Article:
Emergency Vets in Medford, OR

Looking for an emergency vet in Medford, OR? Search for your nearest animal hospital below.


      List of Emergency Vets in Medford, OR

      VCA JACKSON ANIMAL HOSPITAL

      ADDRESS: 902 East Jackson Street, Medford OR 97504
      TEL: (541) 779-4893
      VCA Jackson Animal Hospital is conveniently located on the corner of Crater Lake Ave and E. Jackson St in Medford, OR. We pride ourselves on providing the highest quality medical, surgical and dental care for your pets in a professional, yet compassionate and family-like atmosphere.

      MEDFORD ANIMAL HOSPITAL

      ADDRESS: 619 Market Street, Medford OR 97504
      TEL: (541) 772-2222
      At Medford Animal Hospital we offer a full range of services. Our talented veterinarian and friendly support staff strive to treat your furry friends like family.

      LAKEWAY VETERINARY HOSPITAL

      ADDRESS: 2540 Crater Lake Highway, Medford OR 97504
      TEL: (541) 779-7731
      Our goal is to ensure that your companion animals are healthy and happy. With that in mind, we put an emphasis on wellness treatment; available emergency treatment; and optimal medical, surgical, and dental care. When your pet is in our facility, we treat them as our own.

      BANFIELD PET HOSPITAL (MEDFORD)

      ADDRESS: 3279 Crater Lake Highway, Medford OR 97504
      TEL: (541) 858-9686
      When it comes to your pet’s health, Banfield is ready to partner with you on the decisions that you must make. Whether that decision involves everyday health, such as vaccinations or comprehensive examinations, Banfield of Medford is ready to help you navigate the sometimes complex arena of pet health.

      ALDER CREEK VETERINARY HOSPITAL

      ADDRESS: 880 Golf View Drive, Suite 101, Medford OR 97504
      TEL: (541) 776-3362
      Our practice offers quality, professional care six days a week and emergency services seven days a week for the convenience of our clients. Our in-house diagnostic capabilities allow us to provide clients with information concerning their pets in a prompt and timely manner.
      emergency vets in oregon

      OREGON

      ALBANY // ASHLAND // BEAVERTON // BEND // CANBY // CENTRAL POINT // COOS BAY // CORVALLIS // COTTAGE GROVE // DALLAS // EUGENE // FOREST GROVE // GRANTS PASS // GRESHAM // HAPPY VALLEY // HILLSBORO // KEIZER // KLAMATH FALLS // LA GRANDE // LAKE OSWEGO // LEBANON // MCMINNVILLE // MEDFORD // MILWAUKI // NEWBERG // NEWPORT // ONTARIO // OREGON CITY // PENDLETON // PORTLAND // PRINEVILLE // REDMOND // ROSEBURG // SALEM // SANDY // SHERWOOD // SILVERTON // SPRINGFIELD // THE DALLES // TIGARD // TROUTDALE // TUALATIN // WEST LINN // WILSONVILLE // WOODBURN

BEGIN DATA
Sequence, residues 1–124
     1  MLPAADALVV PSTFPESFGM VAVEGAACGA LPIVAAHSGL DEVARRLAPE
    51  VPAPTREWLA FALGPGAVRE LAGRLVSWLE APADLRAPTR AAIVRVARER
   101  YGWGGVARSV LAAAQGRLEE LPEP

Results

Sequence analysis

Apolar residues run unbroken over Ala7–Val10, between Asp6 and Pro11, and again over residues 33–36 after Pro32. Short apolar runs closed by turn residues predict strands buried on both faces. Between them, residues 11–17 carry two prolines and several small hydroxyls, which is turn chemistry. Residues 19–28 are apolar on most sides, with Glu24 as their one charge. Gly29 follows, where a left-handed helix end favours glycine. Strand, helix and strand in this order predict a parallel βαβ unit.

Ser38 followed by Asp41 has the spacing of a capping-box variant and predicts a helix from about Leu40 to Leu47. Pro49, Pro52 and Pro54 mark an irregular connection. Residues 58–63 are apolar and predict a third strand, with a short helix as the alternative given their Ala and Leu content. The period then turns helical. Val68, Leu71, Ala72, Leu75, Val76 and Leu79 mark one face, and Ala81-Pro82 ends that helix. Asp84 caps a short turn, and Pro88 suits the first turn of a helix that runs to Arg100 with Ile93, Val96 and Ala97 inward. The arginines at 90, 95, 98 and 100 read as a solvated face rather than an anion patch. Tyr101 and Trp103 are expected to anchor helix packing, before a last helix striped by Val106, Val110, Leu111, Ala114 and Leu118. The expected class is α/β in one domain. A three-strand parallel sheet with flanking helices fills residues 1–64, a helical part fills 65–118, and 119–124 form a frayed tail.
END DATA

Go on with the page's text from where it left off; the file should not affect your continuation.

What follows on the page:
We cover over 1,700 major cities across all 50 states

      Signs Your Pet Needs Emergency Care

      Has your pet experienced some kind of trauma and in need in emergency care? Here are some of the signs to look when determining whether your pet needs an emergency vet:

      • Pale gums
      • Rapid breathing
      • Weak or rapid pulse
      • Change in body temperature
      • Difficulty standing
      • Apparent paralysis
      • Loss of consciousness
      • Seizures
      • Excessive bleeding

      How to Handle Your Injured Pet

      It is possible that your pet can act aggressively when they’ve been injured. It’s important to be careful how you handle them for their safety and your own.

      For Dogs:

      • Be calm and go slow when approaching.
      • If your dog appears aggressive, get someone to help you.
      • Fashion a makeshift stretcher and carefully lift your dog onto it.
      • Support their neck and back as you move them in case of spinal injuries.

      For Cats:

      • Cover your cats head gently with a towel, to prevent them from biting you.
      • Very carefully, lift your cat into its carrier or a box.
      • Support their neck and back as you move them in case of spinal injuries.

      First Aid Treatment At Home

      Depending on the situation, there are some actions you can take at home to stabilize your pet before transporting them to an emergency vet.

      Bleeding:

      • If your pet is bleeding externally due to a trauma, apply pressure to the wound quickly and hold it there.
      • If possible, elevate the injury.

      Choking:

      • If your pet is choking on a foreign object, put your fingers in their mouth and try to remove the blockage.
      • If you’re unable to remove the blockage, perform a modified version of the Heimlich maneuver by giving a sharp blow to their chest.

      CPR:

      • If your pet is unconscious and unresponsive, you may need to perform CPR.
      • First, check if your pet is breathing and if they have a heartbeat. If you cannot find either, start chest compressions.
      • Perform 30 chest compressions followed by two rescue breaths. Repeat this until your pet starts breathing on their own again.
      • To give a rescue breath, close your pets mouth and extend their neck to open the airway. Place your mouth over your pets nose and exhale until you see your pets chest rise.
      • Check for a heartbeat every 2 minutes.
      • Continue giving your pet CPR until you reach an emergency vet.